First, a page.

Wednesday, April 27, 2011

Duck a L'Orange

Duck is fattier than chicken resulting in a crispier skin and a meat that is harder to get too dry. Duck a L'Orange is a classic french dish that is perhaps one of the most famous ways to serve duck. It is a roast duck with a sweet orange sauce, the orange compliments the flavors of the duck amazingly well without overwhelming the natural rich taste of the meat it is easy to see why it is so famous. It is moist and sweet and savory and wonderful.
I found duck at my Aldi's last week and I grabbed it. It was declared "Very tasty." "Decadent." and "More duck, Mommy I wan more duck pwees."

For the Duck
half an orange
vegetables for roasting

for the sauce
1/3 cup brown sugar
1/3 cup orange juice
zest from one orange
corn starch

I started by preheating the oven to 475, peeling and chopping my vegetables (I used sweet potatoes and carrots) I found that the veggies cooked unevenly so you may want to start precooking them some while you are preparing the duck itself.

Once the duck was thawed I removed the induced giblets and washed it, patting it dry. I then seasoned it inside and out with salt, pepper, sage and rosemary. I stuffed it with half an orange that I had quartered and crushed to start to release its flavor more (I used the one I zested earlier for the sauce).  This did not totally fill the bird as I wanted some room.

Normally you would want to do this next step with a bunt pan I could not find mine (I think I left it at my mother's house) so I lined an angel food cake pan with foil and tried that, it leaked even though it was lined so you if you don't have a bunt pan you might just want to lay it in a traditional roasting pan.

Fill bottom of the pan with your vegetables and then place the bird on the center rise so that the center portion of the pan is in the birds cavity similar to the beer can method if you have ever seen that. the purpose is similar it allows the juices to be caught in the pan with the vegetables but lets the bird cook evenly and crisply on all sides.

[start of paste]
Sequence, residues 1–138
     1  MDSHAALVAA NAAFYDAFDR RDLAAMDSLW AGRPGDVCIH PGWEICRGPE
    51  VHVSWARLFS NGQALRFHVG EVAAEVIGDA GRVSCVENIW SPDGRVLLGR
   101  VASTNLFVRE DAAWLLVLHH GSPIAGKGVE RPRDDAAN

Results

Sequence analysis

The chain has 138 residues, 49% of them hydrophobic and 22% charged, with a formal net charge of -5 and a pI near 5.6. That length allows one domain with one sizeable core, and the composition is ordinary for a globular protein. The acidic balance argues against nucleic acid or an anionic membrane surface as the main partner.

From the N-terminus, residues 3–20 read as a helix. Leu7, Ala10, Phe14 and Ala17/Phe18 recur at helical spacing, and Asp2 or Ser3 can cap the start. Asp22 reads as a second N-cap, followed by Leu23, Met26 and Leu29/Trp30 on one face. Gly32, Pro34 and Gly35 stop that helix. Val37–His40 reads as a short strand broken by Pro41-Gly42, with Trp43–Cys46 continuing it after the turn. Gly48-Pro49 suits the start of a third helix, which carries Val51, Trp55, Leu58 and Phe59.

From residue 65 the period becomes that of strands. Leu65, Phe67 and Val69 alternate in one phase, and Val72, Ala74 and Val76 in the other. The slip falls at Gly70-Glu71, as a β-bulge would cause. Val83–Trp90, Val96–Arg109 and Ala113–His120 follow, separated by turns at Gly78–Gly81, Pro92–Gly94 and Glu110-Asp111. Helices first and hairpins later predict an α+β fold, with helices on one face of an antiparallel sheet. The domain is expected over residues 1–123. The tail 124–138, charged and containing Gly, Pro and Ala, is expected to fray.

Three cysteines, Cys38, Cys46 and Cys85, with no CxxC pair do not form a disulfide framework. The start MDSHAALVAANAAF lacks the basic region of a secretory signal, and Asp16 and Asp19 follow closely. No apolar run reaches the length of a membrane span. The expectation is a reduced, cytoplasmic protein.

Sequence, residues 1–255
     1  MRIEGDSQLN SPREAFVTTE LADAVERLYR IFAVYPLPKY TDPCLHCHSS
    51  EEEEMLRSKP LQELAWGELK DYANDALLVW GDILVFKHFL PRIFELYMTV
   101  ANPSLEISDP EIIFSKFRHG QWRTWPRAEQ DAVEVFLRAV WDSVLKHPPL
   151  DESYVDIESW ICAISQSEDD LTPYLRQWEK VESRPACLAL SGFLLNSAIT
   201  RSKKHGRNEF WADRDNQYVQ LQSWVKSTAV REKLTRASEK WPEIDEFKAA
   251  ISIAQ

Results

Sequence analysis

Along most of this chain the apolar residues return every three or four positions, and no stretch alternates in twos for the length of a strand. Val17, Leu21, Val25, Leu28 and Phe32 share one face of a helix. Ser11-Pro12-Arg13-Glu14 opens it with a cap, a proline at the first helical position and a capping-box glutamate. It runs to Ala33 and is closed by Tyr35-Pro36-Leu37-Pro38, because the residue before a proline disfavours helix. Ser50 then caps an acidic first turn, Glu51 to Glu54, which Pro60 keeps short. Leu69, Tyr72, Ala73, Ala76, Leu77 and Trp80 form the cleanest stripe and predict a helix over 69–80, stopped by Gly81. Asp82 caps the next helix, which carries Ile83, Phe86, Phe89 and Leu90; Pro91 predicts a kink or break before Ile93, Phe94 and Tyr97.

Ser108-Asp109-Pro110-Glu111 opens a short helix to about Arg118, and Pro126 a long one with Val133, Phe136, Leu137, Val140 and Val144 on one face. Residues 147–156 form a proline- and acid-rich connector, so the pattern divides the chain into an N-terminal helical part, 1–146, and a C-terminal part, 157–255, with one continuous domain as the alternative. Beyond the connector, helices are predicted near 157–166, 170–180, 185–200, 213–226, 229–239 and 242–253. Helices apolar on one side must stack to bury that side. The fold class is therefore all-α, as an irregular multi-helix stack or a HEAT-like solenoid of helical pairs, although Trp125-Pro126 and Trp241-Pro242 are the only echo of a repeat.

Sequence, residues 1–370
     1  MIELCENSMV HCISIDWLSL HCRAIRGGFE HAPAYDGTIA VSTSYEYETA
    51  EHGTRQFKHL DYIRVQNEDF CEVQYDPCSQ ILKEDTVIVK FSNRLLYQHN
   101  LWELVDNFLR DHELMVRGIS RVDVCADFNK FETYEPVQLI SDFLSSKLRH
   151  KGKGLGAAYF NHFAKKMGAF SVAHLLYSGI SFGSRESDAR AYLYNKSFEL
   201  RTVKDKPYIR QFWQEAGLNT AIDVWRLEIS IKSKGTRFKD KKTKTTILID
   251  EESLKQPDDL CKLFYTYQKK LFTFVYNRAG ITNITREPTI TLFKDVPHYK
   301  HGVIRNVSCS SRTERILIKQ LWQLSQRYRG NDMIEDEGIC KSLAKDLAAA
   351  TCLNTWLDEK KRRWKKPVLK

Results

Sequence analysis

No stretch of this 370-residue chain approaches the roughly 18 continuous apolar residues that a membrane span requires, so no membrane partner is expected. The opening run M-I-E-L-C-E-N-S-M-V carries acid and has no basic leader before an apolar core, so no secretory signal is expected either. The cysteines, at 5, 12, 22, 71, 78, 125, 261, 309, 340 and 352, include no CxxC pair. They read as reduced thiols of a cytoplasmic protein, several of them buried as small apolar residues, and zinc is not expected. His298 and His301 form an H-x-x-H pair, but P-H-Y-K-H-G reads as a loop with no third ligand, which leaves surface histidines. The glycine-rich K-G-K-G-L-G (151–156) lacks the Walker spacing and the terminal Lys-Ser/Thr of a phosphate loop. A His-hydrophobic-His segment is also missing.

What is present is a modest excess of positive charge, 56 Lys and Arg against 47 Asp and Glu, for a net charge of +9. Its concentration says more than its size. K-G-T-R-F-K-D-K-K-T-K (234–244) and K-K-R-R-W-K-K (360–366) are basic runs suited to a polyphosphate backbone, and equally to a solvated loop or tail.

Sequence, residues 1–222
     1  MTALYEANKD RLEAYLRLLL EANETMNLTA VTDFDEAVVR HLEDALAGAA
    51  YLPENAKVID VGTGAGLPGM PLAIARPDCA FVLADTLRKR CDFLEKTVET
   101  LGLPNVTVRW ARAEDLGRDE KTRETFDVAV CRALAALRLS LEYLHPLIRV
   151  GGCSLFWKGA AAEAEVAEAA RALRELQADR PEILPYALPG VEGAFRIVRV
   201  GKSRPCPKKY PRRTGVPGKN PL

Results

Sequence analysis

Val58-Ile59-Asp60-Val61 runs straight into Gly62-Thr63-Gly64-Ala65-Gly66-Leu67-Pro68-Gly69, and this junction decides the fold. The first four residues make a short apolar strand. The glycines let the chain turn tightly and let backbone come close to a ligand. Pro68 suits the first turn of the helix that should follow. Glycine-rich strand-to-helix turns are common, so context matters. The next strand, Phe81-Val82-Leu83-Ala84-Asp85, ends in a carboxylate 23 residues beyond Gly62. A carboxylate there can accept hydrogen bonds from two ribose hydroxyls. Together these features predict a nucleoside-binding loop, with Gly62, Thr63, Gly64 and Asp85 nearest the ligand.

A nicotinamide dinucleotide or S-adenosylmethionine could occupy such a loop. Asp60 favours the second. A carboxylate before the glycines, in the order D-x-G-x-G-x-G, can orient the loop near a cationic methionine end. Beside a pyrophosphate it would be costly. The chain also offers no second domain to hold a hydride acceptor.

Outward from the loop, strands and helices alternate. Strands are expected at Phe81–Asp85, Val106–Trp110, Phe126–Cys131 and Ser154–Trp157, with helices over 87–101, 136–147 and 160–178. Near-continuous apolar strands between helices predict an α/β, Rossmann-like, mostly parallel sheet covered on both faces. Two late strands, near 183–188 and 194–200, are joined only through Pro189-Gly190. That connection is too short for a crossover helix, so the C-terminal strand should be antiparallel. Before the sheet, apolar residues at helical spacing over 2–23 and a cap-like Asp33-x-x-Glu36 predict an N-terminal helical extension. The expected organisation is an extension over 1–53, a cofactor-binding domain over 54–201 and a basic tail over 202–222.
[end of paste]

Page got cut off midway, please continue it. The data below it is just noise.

Place the pan on a cookie sheet as a just in case catch for drippings that might sneak down the center hole and roast your duck for 30 min, then basting with the juices turn the oven down to 350 and roast it for about 1 and 1/4 hours or until done depending upon your birds size, when finished turn on the broiler and let it get a final crisping for about 3-4 min if you think it needs it. Take it out and let it rest, laying down for about 15 min before carving.

While the duck is cooking boil the giblets to get about 1 cup duck broth. (you can substitute part of the water with white wine for a richer taste)

Take 1/3 cup brown sugar and place in a heavy sauce pan over medium heat. Do not stir it. let it sit until it begins to melt and then stir. once all melted remove from heat the residual heat should bring it to a caramel, add 1/3 cup orange juice and the orange zest and 1 cup duck broth. stir until caramel is dissolved and then over medium low add corn starch a little at a time whisking well with a fork to blend with no lumps. keep a close eye on this as corn starch will thicken rather quickly and it does not take a lot. it will be about the consistency of the little packets of "Duck sauce" you get from Chinese food places when it is right.

I finished the meal my chocolate moose (which I remember to take pictures of this time so that recipe will be posted soon)

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